Kris’ Corner-Kids From Hard Places at Summer Camp

July 1, 2021

You guys…I realized that I need to pause in the middle of the series about “What I Wish I Knew” to share a little bit about what’s been going on in our lives and encourage those of you who may be struggling with the idea of letting a kid from hard places attend a camp. 

Now, there are clearly all sorts of camps…mornings only, evenings only, overnight/sleepover, day camp. I could go on…but from my own personal experience, I’ll only be talking about day camp, but there are definitely aspects which are applicable to other camps as well. 

 My youngest son is seven. And two years ago, before Covid, he attended a day camp. It was an all-day program from 9 to 4 each day for a week. Because he was going to kindergarten at the time, and the camp was designed for first through fifth grade, I asked special permission for him to just attend the morning sessions. In addition, I was there the entire time, in the background in case he (or the counselors) needed me.  

During that first attempt, there was not a whole lot of self-regulation happening on his end. So, we’d come home from camp, eat a quick lunch and then spend the afternoon at the pool, working out our sensory input needs, dysregulation and energy. 

This year, however, since he’s going into second grade, he was able to attend the full day of camp. And even though my mama heart was anxious (read: nervous…not that “excited” definition of anxious) about that, I signed him up.  

And in the interest of full disclosure…this camp takes place at our church, where my husband works. So, I knew that his dad would be there all day. Additionally, after I signed him up, I was asked to run the kitchen for lunches for all the campers. So, I, too, ended up being there all day.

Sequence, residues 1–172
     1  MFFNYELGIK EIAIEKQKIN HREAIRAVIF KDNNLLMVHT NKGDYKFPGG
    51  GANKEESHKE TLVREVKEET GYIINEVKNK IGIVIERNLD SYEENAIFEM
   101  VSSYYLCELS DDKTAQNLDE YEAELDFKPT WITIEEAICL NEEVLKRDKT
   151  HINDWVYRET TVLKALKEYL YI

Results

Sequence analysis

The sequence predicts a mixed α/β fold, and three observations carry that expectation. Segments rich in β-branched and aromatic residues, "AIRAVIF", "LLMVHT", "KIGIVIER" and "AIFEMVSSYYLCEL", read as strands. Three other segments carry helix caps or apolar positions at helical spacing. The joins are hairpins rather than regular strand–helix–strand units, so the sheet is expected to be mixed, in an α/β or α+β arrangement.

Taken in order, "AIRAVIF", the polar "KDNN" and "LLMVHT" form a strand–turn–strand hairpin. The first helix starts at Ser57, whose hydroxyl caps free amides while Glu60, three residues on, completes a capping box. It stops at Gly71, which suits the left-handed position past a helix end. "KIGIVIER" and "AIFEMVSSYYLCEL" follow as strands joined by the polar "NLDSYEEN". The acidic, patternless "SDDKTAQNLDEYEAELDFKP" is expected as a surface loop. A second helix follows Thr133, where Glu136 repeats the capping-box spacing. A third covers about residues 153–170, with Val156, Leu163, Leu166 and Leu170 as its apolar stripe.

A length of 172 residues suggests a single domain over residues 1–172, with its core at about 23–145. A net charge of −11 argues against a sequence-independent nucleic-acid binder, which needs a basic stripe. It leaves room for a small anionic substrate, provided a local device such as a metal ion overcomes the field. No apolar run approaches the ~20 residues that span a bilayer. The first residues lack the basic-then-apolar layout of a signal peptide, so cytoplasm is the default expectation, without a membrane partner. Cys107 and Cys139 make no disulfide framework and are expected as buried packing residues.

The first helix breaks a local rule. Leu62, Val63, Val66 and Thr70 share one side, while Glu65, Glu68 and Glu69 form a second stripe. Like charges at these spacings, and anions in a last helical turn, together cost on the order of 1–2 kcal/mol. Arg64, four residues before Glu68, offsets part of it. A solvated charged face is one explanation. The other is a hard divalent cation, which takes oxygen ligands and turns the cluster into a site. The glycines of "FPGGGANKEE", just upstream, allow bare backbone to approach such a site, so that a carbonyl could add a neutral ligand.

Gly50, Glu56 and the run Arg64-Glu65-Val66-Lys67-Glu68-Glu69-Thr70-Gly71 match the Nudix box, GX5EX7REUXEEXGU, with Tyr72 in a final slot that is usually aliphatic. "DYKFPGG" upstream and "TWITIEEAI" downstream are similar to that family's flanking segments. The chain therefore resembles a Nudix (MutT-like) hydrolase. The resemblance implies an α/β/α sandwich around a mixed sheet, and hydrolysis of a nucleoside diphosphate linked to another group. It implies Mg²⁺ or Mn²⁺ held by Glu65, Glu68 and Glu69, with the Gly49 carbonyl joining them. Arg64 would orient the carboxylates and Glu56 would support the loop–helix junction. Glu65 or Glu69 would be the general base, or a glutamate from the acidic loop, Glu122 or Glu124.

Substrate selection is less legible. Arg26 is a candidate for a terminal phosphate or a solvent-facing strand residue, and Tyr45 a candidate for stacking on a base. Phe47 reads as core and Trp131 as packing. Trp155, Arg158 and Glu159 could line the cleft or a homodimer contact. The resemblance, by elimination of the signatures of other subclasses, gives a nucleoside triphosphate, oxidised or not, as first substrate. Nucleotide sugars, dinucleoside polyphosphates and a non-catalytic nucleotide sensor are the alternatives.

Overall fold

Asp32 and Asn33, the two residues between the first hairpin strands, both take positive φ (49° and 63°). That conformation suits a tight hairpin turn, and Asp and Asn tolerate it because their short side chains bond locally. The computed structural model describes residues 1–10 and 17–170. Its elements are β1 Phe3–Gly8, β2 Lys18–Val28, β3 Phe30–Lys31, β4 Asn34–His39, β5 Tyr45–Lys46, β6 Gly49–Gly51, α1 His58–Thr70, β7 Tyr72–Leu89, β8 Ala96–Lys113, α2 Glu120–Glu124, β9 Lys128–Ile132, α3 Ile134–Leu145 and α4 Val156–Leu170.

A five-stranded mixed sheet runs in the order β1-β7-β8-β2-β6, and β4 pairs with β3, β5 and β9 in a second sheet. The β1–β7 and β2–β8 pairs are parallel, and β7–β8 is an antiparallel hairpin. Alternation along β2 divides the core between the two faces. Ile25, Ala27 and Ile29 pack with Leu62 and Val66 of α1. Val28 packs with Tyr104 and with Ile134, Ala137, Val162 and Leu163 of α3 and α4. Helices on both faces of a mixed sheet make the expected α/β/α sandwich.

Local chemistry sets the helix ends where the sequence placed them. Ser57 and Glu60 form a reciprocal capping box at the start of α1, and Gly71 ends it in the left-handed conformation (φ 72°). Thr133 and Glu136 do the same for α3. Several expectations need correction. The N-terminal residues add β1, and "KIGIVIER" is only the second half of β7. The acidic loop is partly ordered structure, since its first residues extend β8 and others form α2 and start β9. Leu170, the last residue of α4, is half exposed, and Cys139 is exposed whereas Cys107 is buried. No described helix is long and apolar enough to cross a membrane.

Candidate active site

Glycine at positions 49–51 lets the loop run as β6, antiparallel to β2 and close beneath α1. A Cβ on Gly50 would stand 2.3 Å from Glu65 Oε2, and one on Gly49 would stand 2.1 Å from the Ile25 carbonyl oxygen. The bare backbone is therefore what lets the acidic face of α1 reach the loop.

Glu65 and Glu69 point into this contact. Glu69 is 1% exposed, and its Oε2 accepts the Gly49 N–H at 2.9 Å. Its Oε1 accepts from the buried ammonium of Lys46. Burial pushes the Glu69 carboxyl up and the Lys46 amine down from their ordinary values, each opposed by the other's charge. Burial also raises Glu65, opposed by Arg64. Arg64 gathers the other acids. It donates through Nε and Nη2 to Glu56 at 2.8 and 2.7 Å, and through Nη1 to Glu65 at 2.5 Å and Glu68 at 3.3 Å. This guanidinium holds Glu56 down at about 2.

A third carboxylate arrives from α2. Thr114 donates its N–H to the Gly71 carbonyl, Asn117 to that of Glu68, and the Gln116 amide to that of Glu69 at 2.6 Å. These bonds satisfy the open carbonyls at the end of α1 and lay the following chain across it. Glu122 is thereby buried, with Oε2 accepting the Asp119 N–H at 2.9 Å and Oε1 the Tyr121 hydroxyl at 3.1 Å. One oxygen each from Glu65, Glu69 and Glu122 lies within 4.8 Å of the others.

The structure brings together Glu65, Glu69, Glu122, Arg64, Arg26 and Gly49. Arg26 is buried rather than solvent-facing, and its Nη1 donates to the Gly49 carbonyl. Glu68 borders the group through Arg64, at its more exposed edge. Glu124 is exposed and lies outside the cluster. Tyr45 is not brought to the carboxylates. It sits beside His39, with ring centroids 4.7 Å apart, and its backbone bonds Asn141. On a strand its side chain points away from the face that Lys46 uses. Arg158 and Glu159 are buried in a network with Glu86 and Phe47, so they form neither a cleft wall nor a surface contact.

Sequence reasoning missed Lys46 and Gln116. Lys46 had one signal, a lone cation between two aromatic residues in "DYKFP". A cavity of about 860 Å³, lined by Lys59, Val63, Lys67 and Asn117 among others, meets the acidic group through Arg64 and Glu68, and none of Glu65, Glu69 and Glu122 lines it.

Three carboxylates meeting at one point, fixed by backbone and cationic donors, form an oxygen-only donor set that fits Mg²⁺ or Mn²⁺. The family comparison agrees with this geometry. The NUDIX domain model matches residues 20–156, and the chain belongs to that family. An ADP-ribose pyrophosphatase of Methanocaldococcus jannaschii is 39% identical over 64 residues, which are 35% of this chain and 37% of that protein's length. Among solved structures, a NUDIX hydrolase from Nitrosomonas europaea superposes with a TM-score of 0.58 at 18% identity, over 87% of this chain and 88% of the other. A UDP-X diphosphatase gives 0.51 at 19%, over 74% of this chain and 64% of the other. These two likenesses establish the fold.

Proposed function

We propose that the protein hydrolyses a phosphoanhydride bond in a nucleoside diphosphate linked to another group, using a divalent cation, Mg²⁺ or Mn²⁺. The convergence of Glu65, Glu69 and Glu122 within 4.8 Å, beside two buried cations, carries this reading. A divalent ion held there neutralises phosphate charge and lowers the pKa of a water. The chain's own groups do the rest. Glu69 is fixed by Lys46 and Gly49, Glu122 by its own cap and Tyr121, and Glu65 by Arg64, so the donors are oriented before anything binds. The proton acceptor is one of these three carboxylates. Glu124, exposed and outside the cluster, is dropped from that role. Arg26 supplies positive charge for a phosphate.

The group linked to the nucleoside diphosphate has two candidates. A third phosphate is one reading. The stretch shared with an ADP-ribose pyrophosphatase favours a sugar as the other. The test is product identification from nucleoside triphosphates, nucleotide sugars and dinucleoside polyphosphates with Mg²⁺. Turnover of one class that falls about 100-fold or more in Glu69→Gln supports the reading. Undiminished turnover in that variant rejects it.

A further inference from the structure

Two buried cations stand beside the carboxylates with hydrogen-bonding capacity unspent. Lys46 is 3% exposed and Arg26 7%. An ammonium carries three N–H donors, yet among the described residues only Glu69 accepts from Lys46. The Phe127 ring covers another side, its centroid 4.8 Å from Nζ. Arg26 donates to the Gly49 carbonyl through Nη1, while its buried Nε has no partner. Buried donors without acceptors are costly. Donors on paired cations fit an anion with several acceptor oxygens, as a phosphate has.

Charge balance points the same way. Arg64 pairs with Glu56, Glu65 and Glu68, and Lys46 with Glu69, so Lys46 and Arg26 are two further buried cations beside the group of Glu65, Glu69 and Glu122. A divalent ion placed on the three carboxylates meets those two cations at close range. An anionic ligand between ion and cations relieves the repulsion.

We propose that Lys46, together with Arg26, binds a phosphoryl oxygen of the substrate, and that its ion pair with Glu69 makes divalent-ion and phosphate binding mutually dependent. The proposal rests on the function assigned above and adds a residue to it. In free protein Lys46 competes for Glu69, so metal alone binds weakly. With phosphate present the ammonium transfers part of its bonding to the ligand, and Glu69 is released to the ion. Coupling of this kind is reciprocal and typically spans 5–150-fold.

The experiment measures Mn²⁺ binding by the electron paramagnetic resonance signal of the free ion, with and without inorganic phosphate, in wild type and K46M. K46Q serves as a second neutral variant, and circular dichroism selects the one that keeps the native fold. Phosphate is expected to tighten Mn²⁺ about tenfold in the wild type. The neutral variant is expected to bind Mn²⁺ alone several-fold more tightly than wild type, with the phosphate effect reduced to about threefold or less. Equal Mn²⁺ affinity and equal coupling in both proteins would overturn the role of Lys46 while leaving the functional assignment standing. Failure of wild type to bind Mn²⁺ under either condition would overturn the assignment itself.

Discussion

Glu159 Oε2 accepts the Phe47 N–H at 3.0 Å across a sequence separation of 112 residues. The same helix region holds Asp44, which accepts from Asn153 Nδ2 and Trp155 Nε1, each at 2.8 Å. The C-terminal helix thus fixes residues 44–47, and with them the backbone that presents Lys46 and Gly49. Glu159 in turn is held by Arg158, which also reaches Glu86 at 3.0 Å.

I won’t lie. In spite of the fact that BOTH of his parents (and actually one of his brothers was there too…he was a camp counselor) were going to be there all day, every day, I was probably more nervous all week than he was.  

And I’m going to pause here to note something: I know that most people don’t have the luxury of sending their child to a camp where three family members will be there to swoop in and help if need be…but my point in telling you this is that in spite of having this available to him, it did not stop his anxiety, my anxiety or the fact that I had to advocate for him. Even though we were all there, we were intentionally trying not to helicopter and hover…we know he (and any child with trauma) will never truly realize what he is capable (or not quite capable) of until he’s given the opportunity. 

Granted, he was clearly nervous on the first day. Even on the evening prior to the first day, he was definitely escalated. His anxiety was in full affect. And I considered how I could possibly keep him from going to camp…because I didn’t want him to fail. He struggles with EXACTLY the kind of situation he was walking into and I didn’t want him to not be successful. 

But before we left the house that first morning (not going to lie…on every morning), and on the way to camp, we talked about all the things I knew he’d need to remember to survive. And, dare I dream it? Not just survive, but thrive. 

So, we talked about the issues he struggles with, I gave him his gum (which is his sensory go-to survival tool). And gave him a big hug and kiss, and off he went to join the group.  

And as difficult as that was for me, I know it was difficult for him as well. He knew many of the teenagers who were running the camp, but not nearly as many of the campers. He didn’t know the schedule; he didn’t exactly know what was coming next.